WO2001051381A2 (en) * 2000-01-13 2001-07-19 Pechiney Emballage Alimentaire Closure cap for standard glass ring
ES2196959A1 (en) * 2001-06-13 2003-12-16 Alucapvit Capsulas Metalicas S Capsule for clamping
EP1606101A2 (en) * 2003-03-27 2005-12-21 Silgan Closures, Llc Transparent closure cap liner having oxygen barrier properties
US20050284837A1 (en) * 2004-06-18 2005-12-29 James Taber Composite closure with barrier end panel
US20070187352A1 (en) * 2005-12-28 2007-08-16 Stephen Kras Retortable package with plastic closure cap
US20080110891A1 (en) * 2006-11-10 2008-05-15 Fabricas Monterrey, S.A. De C.V Lid With A Detachable Sealing Joint And Manufacturing Method Thereof
KR100922179B1 (en) 2003-04-11 2009-10-19 삼성토탈 주식회사 Polyethylene Composition for Plastic Bottle Cap and the Molded Article
US20130026127A1 (en) * 2009-11-20 2013-01-31 Actega Ds Gmbh PVC-Free Seals for Twist Crowns
CN105377711A (en) * 2013-05-10 2016-03-02 T·特里梅因 A closure with a surface tension seal
EP2918652B1 (en) 2007-11-09 2017-07-26 Actega DS GmbH Method for producing a vessel closure

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JPH0471788B2 (en) * 1982-04-08 1992-11-16 Crown Cork Japan
GB8311138D0 (en) * 1983-04-25 1983-06-02 Grace W R & Co Compositions for sealing containers
GB8311137D0 (en) * 1983-04-25 1983-06-02 Grace W R & Co Compositions for sealing containers
JPS61159442A (en) * 1984-12-29 1986-07-19 Mitsubishi Plastics Ind Ltd Shrinkable styrene resin film
GB8509745D0 (en) * 1985-04-16 1985-05-22 Spadel Sa Controlling & reducing opening torques of caps & lids
JPS63125552A (en) * 1986-11-14 1988-05-28 Toyoda Gosei Co Ltd Polypropylene resin composition
JPH01193345A (en) * 1988-01-29 1989-08-03 Japan Crown Cork Co Ltd Liner material
DE4338004C2 (en) * 1992-11-12 1997-03-27 Roland Baldinger , The same metallic bottle rotation lock method for its conformation and using
DE4417020C2 (en) * 1994-05-14 1996-05-30 Stolz Heinrich Gmbh Closure cap with gasket
CN100551963C (en) * 2002-09-17 2009-10-21 巴赛尔聚烯烃意大利股份公司 Polyolefin composition with improved abrasion resistance
CN102365211A (en) * 2009-03-27 2012-02-29 国际密封系统公司 Molded closure with enhanced lubricant distribution
JP5957264B2 (en) * 2012-03-29 2016-07-27 日本クロージャー株式会社 Easy-open closure liner material

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GB1196125A (en) * 1966-09-30 1970-06-24 Grace W R & Co Sealing Gaskets for Container Closures
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Cited By (37)

* Cited by examiner, † Cited by third party
Publication number Priority date Publication date Assignee Title
US4400483A (en) * 1977-08-17 1983-08-23 Phillips Petroleum Company Thermoplastic elastomer compositions for low pressure molding
US4463863A (en) * 1979-12-19 1984-08-07 Toyo Seikan Kaisha, Ltd. Closure including an improved liner
US4463116A (en) * 1981-11-05 1984-07-31 Toyo Seikan Kaisha, Ltd. Easily openable liner for vessel closures
EP0079214A3 (en) * 1981-11-05 1984-10-17 Toyo Seikan Kaisha Limited Vessel closure provided with easily openable liner
US4717034A (en) * 1982-07-06 1988-01-05 Owens-Illinois Closure Inc. One-piece thermoplastic closure having press-on screw off structure including spaced vertical ribs in the skirt of the closure
US4743636A (en) * 1985-05-28 1988-05-10 W. R. Grace & Co. Sealing compound comprising cork powder and talc fillers
US4801418A (en) * 1985-05-28 1989-01-31 W. R. Grace & Co. Sealing compound
US4823537A (en) * 1987-05-22 1989-04-25 Aluminum Company Of America Method of forming a pilferproof closure
US4896782A (en) * 1989-02-13 1990-01-30 Sunbeam Plastics Corporation Closure with insert for enhanced sealing
US4934544A (en) * 1989-02-27 1990-06-19 Minnesota Mining And Manufacturing Company Z-tab innerseal for a container and method of application
US5004111A (en) * 1989-02-27 1991-04-02 Minnesota Mining & Manufacturing Company Internally delaminating tabbed innerseal for a container and method of applying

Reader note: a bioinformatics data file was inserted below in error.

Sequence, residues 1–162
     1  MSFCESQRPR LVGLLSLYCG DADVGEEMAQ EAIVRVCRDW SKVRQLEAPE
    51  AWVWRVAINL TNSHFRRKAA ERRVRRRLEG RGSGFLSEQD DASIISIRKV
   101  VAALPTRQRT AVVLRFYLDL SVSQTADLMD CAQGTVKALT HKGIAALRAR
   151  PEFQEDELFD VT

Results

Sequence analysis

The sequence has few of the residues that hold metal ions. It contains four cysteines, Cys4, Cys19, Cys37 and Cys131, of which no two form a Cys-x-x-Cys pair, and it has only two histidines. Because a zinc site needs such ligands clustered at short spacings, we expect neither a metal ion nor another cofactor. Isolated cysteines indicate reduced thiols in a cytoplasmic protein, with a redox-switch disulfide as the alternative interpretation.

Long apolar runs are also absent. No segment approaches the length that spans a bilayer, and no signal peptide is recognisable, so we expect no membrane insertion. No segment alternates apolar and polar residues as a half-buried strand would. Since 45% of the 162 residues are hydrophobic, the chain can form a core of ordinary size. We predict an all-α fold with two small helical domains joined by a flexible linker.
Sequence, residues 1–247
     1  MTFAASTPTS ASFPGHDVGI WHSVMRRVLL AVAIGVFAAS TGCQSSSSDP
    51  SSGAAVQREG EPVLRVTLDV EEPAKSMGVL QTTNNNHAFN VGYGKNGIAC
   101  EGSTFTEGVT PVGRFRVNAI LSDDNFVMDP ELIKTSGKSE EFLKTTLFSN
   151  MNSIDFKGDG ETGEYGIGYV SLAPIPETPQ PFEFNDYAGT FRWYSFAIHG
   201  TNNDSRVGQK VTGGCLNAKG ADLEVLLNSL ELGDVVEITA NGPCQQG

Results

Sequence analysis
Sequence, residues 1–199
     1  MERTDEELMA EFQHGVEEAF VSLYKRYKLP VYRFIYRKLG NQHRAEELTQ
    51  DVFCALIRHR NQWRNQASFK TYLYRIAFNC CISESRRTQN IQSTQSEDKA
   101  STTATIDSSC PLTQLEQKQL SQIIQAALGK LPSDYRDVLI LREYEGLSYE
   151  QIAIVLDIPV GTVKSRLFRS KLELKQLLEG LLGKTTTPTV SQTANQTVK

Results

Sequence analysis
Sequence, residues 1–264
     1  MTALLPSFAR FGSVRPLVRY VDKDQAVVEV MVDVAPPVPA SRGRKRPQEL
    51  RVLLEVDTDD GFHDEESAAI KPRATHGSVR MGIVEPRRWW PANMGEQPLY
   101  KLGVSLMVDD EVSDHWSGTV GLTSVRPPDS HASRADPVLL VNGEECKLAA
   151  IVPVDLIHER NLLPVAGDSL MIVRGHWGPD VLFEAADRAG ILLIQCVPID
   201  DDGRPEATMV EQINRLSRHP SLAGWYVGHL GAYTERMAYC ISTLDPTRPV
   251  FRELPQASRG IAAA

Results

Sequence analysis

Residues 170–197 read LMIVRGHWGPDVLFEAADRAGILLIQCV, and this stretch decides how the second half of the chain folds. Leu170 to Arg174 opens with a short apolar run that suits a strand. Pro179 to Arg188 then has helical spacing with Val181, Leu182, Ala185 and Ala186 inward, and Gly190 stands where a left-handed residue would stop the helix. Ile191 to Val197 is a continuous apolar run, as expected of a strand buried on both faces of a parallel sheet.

US5012946A (en) * 1989-02-27 1991-05-07 Minnesota Mining & Manufacturing Company Innerseal for a container and method of applying
US5929128A (en) * 1993-08-18 1999-07-27 The Dow Chemical Company Gaskets made from olefin polymers
US6235822B1 (en) 1993-08-18 2001-05-22 The Dow Chemical Company Gaskets made from olefin polymers
WO1997010937A1 (en) * 1995-09-22 1997-03-27 Bormioli Rocco & Figlio S.P.A. A process for realizing plastic cap assemblies for containers
EP0926215A1 (en) * 1997-12-24 1999-06-30 Owens-Illinois Closure Inc. Plastic closure with compression molded barrier liner
US6797756B2 (en) 1998-11-27 2004-09-28 Bp Chemicals Limited Polymer composition for bottle screw caps
WO2000032695A1 (en) * 1998-11-27 2000-06-08 Bp Chemicals Limited Polymer composition for bottle screw caps
WO2001051381A2 (en) * 2000-01-13 2001-07-19 Pechiney Emballage Alimentaire Closure cap for standard glass ring
US20030021919A1 (en) * 2000-01-13 2003-01-30 Jacques Granger Closure cap for a standard glass ring
US7124905B2 (en) 2000-01-13 2006-10-24 Pechiney Emballage Alimentaire Closure cap for a standard glass ring
WO2001051381A3 (en) * 2000-01-13 2002-02-14 Pechiney Emballage Alimentaire Closure cap for standard glass ring
ES2196959A1 (en) * 2001-06-13 2003-12-16 Alucapvit Capsulas Metalicas S Capsule for clamping
EP1606101A2 (en) * 2003-03-27 2005-12-21 Silgan Closures, Llc Transparent closure cap liner having oxygen barrier properties
US20060024460A1 (en) * 2003-03-27 2006-02-02 Baranowski Thomas R Transparent closure cap liner having oxygen barrier properties
EP1606101A4 (en) * 2003-03-27 2006-04-12 Silgan Closures Llc Transparent closure cap liner having oxygen barrier properties
KR100922179B1 (en) 2003-04-11 2009-10-19 삼성토탈 주식회사 Polyethylene Composition for Plastic Bottle Cap and the Molded Article
US20050284837A1 (en) * 2004-06-18 2005-12-29 James Taber Composite closure with barrier end panel
US20070187352A1 (en) * 2005-12-28 2007-08-16 Stephen Kras Retortable package with plastic closure cap
US8596477B2 (en) 2005-12-28 2013-12-03 Silgan White Cap LLC Retortable package with plastic closure cap
US20080110891A1 (en) * 2006-11-10 2008-05-15 Fabricas Monterrey, S.A. De C.V Lid With A Detachable Sealing Joint And Manufacturing Method Thereof
US8220653B2 (en) * 2006-11-10 2012-07-17 Fabricas Monterrey, S.A. De C.V. Lid with a detachable sealing joint and manufacturing method thereof
EP2918652B1 (en) 2007-11-09 2017-07-26 Actega DS GmbH Method for producing a vessel closure
EP2223984B1 (en) 2007-11-09 2017-12-06 ACTEGA DS GmbH Press-on twist-off closure
US20130026127A1 (en) * 2009-11-20 2013-01-31 Actega Ds Gmbh PVC-Free Seals for Twist Crowns
CN105377711A (en) * 2013-05-10 2016-03-02 T·特里梅因 A closure with a surface tension seal
CN105377711B (en) * 2013-05-10 2018-11-09 T·特里梅因 Having a surface tension seal block piece

Also Published As

Publication number Publication date Type
NL189119B (en) 1992-08-17 application
JPS5579263A (en) 1980-06-14 application
NL189119C (en) 1993-01-18 grant
GB2037793A (en) 1980-07-16 application
GB2037793B (en) 1983-01-19 grant
FI68854C (en) 1985-11-11 grant
FR2442777B1 (en) 1985-06-21 grant
BE880372A1 (en) grant
JPS5837183B2 (en) 1983-08-15 grant
FI793745A (en) 1980-05-31 application
LU81933A1 (en) 1980-04-22 application
FR2442777A1 (en) 1980-06-27 application
NL7908698A (en) 1980-06-03 application
BE880372A (en) 1980-03-17 grant
FI68854B (en) 1985-07-31 application